According to the study, extensive renaturation of just 15 percent of the areas converted to farmland could be enough to prevent 60 percent of the extinction events still to be expected. In addition, this could remove up to 300 gigatons of carbon dioxide from the atmosphere in the long term and bind it, which would correspond to 12 percent of the total carbon emitted since the beginning of the industrial age.

Sustainable Measures Conserve Resources, Secure Food Supply, and Enhance CO2 Uptake

Furthermore, the authors of the study suggest that protected areas should not be seen as isolated rescue islands for biodiversity, but rather as part of a network that connects areas with near-natural wilderness via migration corridors. Indigenous societies, in particular, must be involved in conservation management and receive government support. In agriculture and fisheries, the aim is to use land in a sustainable way that conserves resources and secures the food supply. Concepts that lead to increased carbon dioxide absorption and carbon sequestration in biomass and soils are to be preferred. At the same time, it is important to create refuges for species that make yields possible in the first place, such as insects that pollinate fruit trees. Finally, the researchers believe that improving the carbon dioxide balance in cities should be an absolute priority.

The study concludes that to achieve the global biodiversity, climate, and sustainability goals planned for 2030 and 2050, climate protection, biodiversity conservation, and social benefits for the local population must be thought together in all measures.

The study is the result of a workshop jointly conducted by the Intergovernmental Science-Policy Platform on Biodiversity and Ecosystem Services (IPBES) and the Intergovernmental Panel on Climate Change (IPPC), both also known as the “World Biodiversity Council” and the “Intergovernmental Panel on Climate Change.”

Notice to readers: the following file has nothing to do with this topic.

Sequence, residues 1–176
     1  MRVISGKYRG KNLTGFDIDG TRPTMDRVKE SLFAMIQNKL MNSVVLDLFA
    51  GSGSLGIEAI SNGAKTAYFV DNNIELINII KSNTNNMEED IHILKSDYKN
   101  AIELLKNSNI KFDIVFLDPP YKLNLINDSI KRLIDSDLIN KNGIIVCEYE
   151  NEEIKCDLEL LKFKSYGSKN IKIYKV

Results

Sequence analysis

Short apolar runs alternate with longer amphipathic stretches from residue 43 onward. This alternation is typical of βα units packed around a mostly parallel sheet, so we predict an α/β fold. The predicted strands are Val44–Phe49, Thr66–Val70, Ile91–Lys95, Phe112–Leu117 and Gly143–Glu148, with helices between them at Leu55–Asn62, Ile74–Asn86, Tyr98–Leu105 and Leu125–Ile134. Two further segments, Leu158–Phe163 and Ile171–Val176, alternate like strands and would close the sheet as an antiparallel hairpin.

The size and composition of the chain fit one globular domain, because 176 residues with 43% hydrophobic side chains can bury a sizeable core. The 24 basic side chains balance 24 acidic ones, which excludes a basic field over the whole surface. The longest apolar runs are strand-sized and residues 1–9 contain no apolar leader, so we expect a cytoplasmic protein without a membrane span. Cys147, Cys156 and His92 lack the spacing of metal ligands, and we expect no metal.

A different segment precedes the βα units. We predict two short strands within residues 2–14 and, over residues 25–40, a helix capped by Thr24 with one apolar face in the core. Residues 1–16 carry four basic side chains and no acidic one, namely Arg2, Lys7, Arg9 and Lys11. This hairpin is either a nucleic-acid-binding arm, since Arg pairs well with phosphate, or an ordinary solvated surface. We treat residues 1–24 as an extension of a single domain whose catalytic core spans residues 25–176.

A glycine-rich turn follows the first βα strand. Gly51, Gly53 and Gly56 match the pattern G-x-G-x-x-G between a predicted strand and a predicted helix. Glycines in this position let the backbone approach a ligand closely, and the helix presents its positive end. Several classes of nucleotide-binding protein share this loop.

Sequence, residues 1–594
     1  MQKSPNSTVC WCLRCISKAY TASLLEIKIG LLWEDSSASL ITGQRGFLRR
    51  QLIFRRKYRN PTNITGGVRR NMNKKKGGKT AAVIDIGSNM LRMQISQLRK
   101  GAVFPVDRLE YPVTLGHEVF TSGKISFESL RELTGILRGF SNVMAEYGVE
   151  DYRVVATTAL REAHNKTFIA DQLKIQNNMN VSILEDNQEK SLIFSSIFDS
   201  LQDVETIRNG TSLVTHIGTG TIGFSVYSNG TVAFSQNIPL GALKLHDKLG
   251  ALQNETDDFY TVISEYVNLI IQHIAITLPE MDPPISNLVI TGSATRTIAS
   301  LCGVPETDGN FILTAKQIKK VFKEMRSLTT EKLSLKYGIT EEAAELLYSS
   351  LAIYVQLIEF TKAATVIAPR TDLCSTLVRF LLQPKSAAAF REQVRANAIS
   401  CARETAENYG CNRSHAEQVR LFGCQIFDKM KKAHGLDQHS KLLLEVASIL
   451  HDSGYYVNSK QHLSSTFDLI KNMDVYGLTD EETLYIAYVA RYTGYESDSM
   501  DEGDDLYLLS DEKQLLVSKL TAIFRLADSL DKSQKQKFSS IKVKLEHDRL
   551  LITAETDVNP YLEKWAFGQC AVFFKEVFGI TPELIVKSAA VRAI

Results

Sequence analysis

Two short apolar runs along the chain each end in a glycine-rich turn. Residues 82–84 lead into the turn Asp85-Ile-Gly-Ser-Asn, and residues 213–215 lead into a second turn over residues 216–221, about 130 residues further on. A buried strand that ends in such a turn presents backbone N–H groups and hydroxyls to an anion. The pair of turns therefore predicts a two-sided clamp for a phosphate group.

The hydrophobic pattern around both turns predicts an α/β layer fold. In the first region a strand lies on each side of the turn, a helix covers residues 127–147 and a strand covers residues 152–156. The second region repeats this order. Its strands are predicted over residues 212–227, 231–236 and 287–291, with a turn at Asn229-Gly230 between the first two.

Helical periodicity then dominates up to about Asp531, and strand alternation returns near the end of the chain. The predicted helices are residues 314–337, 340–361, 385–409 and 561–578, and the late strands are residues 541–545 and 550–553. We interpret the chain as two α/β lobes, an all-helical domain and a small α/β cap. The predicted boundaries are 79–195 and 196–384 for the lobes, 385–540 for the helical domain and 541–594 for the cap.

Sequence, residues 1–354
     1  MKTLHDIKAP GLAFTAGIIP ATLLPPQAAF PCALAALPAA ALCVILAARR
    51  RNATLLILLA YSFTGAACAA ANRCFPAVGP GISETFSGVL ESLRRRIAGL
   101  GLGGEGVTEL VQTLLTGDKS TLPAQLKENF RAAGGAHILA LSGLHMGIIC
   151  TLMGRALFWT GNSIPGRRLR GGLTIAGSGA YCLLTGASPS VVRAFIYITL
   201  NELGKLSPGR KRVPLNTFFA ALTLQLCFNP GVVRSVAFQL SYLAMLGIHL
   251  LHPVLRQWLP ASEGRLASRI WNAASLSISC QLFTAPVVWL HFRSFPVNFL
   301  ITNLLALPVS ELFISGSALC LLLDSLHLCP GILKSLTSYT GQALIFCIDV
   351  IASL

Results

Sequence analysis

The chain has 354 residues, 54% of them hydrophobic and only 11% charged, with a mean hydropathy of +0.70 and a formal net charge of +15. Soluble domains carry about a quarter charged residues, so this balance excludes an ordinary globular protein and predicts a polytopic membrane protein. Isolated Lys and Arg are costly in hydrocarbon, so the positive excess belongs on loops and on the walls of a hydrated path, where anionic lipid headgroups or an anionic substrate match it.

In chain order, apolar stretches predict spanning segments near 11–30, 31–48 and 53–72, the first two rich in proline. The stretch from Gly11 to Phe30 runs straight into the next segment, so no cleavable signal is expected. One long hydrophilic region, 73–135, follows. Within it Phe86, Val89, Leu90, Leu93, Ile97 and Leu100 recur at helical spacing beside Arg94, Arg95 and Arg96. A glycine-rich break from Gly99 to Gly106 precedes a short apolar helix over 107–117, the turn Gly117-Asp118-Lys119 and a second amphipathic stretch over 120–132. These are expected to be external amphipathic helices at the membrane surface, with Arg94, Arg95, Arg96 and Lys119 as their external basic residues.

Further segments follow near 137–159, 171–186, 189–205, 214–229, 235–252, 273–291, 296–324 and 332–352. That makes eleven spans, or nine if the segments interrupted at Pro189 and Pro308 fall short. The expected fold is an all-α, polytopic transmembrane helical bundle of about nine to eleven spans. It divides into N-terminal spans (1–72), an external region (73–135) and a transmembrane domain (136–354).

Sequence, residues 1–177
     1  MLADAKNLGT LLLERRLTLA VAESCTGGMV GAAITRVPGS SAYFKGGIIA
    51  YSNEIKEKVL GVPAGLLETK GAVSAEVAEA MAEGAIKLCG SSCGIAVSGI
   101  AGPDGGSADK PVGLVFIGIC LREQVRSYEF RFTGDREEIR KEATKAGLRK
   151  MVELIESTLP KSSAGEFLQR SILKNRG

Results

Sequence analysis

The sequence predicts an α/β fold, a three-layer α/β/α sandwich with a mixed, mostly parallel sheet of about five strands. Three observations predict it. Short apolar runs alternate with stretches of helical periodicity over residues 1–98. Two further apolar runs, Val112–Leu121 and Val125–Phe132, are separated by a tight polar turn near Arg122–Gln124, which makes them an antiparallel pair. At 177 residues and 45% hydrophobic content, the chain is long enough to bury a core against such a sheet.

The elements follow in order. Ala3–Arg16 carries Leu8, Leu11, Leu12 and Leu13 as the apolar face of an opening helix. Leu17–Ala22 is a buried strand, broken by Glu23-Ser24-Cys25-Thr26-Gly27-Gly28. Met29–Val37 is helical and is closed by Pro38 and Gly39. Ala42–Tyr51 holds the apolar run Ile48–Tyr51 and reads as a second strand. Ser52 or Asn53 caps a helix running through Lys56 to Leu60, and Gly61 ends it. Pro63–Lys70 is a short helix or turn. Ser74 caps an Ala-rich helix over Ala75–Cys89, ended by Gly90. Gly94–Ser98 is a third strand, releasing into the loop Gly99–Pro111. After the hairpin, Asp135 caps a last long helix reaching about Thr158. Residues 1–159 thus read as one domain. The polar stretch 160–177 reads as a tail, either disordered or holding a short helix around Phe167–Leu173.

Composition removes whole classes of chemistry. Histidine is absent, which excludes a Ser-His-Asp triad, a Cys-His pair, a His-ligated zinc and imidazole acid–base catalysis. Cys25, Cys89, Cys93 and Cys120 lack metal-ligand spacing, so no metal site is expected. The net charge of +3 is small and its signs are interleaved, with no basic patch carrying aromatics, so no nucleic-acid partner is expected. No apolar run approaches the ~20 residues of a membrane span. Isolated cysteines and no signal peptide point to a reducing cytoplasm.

Original Publication
H.-O. Pörtner, R. J. Scholes, A. Arneth, D.K.A. Barnes, M.T. Burrows, S.E. Diamond,
C.M. Duarte, W. Kiessling, P. Leadley, S. Managi, P. McElwee, G. Midgley, H.T. Ngo, D.
Obura, U. Pascual, M. Sankaran, Y.J. Shin, A.L. Val: Overcoming the coupled climate and biodiversity crises and their societal impacts. Science, 2023. DOI: 10.1126/science.abl4881

Details about the KIT Climate and Environment Center

Being “The Research University in the Helmholtz Association”, KIT creates and imparts knowledge for the society and the environment. It is the objective to make significant contributions to the global challenges in the fields of energy, mobility, and information. For this, about 10,000 employees cooperate in a broad range of disciplines in natural sciences, engineering sciences, economics, and the humanities and social sciences. KIT prepares its 22,800 students for responsible tasks in society, industry, and science by offering research-based study programs. Innovation efforts at KIT build a bridge between important scientific findings and their application for the benefit of society, economic prosperity, and the preservation of our natural basis of life. KIT is one of the German universities of excellence.

swi, 21.04.2023

Margarete Lehné